It is a common response to tragedy. “My thoughts and prayers are with you”. We say it to people we know and love when their loved ones die or when they are facing surgery or some other difficult situation.
It has become an all too familiar refrain from politicians after mass shootings. And since we’ve had more mass shootings (in which 4 or more people have been shot) than we have had days in 2015, we’ve heard it. A lot. (Up to date shooting statistics here. 353 as of Friday Dec 4, 2014.)
Dr. Rand Paul tweeted, “My thoughts and prayers are with the victims.”
Sen. Ted Cruz tweeted, “Our prayers are with the victims.”
Speaker Paul Ryan tweeted, “Please keep the victims … in your prayers.”
And that is a good first start. It would be a good thing for us to keep the victims in our thoughts, because they are in the midst of hell. I think about the families of the people who thought they were going to work, or going to the doctor, or going to a movie, only to discover they were becoming the latest news story that would gather our attention for 15 minutes until the next shooting took the spotlight.
The people whose lives are destroyed by senseless gun violence should never leave our thoughts.
And if we’re the praying types, they shouldn’t leave our prayers either. I trust that lifting the cries and desolation of the world up to God matters. God already knows their pain before we mention it, so it isn’t like we’re making sure God has checked Twitter lately to be up to date.
Prayer is one way we remind ourselves that in everything, in joy and sadness, in celebration and sorrow, we are God’s and we are held carefully in God’s embrace.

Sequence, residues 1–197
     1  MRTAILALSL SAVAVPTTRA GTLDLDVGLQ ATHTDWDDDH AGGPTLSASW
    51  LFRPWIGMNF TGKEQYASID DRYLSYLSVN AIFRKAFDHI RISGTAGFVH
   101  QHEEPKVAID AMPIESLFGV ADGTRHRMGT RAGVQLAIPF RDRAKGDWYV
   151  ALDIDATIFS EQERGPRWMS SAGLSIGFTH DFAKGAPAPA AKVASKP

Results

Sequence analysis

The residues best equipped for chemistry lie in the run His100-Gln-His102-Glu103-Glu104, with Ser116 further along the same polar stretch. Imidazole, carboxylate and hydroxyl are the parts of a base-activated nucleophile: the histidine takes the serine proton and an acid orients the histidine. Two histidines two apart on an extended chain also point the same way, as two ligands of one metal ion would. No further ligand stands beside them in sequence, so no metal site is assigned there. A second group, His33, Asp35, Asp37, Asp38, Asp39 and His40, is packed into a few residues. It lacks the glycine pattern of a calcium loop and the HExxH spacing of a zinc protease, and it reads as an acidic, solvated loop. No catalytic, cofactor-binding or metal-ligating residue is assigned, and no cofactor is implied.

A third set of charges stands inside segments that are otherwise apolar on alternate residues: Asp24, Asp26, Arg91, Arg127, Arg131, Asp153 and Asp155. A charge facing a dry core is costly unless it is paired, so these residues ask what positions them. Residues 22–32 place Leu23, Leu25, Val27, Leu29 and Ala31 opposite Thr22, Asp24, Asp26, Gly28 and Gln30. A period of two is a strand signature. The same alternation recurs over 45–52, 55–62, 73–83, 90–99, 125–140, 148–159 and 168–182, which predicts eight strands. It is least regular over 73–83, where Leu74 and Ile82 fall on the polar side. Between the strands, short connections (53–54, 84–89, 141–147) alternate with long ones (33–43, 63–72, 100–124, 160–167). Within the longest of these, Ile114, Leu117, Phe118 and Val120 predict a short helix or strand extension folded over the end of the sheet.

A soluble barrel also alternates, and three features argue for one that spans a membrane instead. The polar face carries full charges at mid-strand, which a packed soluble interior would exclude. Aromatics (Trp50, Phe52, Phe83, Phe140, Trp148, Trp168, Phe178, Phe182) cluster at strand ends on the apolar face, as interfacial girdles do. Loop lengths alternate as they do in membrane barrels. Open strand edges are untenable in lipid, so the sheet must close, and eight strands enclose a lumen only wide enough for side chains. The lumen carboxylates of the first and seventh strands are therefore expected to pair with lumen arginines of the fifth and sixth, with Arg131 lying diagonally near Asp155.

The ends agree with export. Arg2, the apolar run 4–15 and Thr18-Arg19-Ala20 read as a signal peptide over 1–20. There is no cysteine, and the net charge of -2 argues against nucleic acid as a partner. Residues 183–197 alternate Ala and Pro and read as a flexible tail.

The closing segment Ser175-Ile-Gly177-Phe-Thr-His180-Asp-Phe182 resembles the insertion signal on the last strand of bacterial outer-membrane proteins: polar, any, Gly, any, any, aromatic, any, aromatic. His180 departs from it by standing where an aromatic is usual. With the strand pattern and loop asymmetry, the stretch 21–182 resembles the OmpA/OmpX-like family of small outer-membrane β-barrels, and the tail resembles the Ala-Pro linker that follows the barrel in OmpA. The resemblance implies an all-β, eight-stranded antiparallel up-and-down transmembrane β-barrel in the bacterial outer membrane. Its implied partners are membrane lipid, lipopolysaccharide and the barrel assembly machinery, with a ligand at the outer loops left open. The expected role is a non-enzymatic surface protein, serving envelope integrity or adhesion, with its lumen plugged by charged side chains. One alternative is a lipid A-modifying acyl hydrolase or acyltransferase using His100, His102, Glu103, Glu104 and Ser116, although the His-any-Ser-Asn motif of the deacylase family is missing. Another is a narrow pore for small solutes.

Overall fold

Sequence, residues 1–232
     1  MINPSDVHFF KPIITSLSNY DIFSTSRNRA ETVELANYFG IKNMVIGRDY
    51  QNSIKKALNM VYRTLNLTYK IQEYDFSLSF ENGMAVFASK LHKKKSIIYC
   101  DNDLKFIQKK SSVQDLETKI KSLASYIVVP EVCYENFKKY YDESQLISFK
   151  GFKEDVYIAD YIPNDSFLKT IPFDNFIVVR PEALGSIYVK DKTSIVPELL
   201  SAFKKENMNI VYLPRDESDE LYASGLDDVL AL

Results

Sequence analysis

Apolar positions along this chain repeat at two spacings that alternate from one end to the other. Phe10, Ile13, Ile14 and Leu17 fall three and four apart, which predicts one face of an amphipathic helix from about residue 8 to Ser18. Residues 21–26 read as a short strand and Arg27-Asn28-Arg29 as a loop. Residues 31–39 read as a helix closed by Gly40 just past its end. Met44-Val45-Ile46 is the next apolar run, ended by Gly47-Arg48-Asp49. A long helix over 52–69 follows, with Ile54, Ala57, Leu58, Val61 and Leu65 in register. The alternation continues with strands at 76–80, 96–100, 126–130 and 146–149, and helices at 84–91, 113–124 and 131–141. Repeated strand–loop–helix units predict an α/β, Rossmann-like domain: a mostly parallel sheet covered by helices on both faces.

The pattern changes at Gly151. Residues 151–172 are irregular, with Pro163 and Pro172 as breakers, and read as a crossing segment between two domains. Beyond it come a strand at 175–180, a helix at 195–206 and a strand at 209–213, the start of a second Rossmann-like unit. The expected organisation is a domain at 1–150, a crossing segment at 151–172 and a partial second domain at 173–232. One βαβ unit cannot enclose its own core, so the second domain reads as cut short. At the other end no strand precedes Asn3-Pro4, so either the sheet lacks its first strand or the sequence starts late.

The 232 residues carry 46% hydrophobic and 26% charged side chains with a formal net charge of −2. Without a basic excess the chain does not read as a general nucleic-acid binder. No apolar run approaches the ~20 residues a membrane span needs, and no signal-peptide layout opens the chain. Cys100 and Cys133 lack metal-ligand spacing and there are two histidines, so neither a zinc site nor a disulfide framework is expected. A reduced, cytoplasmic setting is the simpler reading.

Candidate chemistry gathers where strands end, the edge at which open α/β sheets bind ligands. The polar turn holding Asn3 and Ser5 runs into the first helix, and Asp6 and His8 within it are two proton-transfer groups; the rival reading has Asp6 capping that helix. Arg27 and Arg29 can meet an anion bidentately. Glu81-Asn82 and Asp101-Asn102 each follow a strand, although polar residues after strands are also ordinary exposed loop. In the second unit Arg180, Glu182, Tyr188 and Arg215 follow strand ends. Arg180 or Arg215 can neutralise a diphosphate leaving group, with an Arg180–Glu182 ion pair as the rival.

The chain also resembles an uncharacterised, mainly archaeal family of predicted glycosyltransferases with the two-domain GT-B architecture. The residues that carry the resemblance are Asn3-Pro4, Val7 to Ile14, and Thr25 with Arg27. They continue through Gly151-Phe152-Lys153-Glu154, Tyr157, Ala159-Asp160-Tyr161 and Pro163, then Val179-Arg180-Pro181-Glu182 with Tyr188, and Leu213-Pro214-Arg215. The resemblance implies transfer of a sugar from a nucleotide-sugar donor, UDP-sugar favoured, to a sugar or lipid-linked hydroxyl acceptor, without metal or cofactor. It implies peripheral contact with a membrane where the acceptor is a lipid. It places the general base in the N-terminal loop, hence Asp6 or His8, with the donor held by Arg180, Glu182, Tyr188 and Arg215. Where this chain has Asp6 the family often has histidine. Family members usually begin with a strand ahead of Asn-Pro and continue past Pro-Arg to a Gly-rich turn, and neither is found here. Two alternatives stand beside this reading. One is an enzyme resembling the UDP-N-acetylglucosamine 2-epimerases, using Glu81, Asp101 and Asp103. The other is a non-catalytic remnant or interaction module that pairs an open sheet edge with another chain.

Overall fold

After the San Bernardino shooting, however, it seems we have reached the saturation where people are calling ‘bullshit’ on politicians who claim they are praying, but in action do nothing to enact meaningful policy that would make us safer. Next week, we’ll mark the 3rd anniversary since the Sandy Hook shooting happened. If we decided the deaths of children was an acceptable price to pay for untrammeled gun rights, are we surprised people don’t believe we are praying?
Here was the headline from the New York Daily News.
And then Democratic Senator Chris Murphy of Connecticut said this.
To those of us who are praying people, I hope we see this “prayer shaming” as a wake up call. The world will not sit by any longer and take platitudes instead of action. This isn’t to say we shouldn’t pray. It means we actually should pray. It means we can’t just blithely offer words, but not actually breathe them into our hearts, or let them seep deep into our souls, changing us and leading us to participate in the divine work of restoration and redemption.
One of my friends shared a quote today from John Dominic Crossan that is a good antidote to prayer shaming.
2 thoughts on “Prayer Shaming”
This is one of those James 2-applicable situations, I fear. Faith without words is dead.
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Yes. I have been thinking about this a lot. Thanks for putting the words out there.
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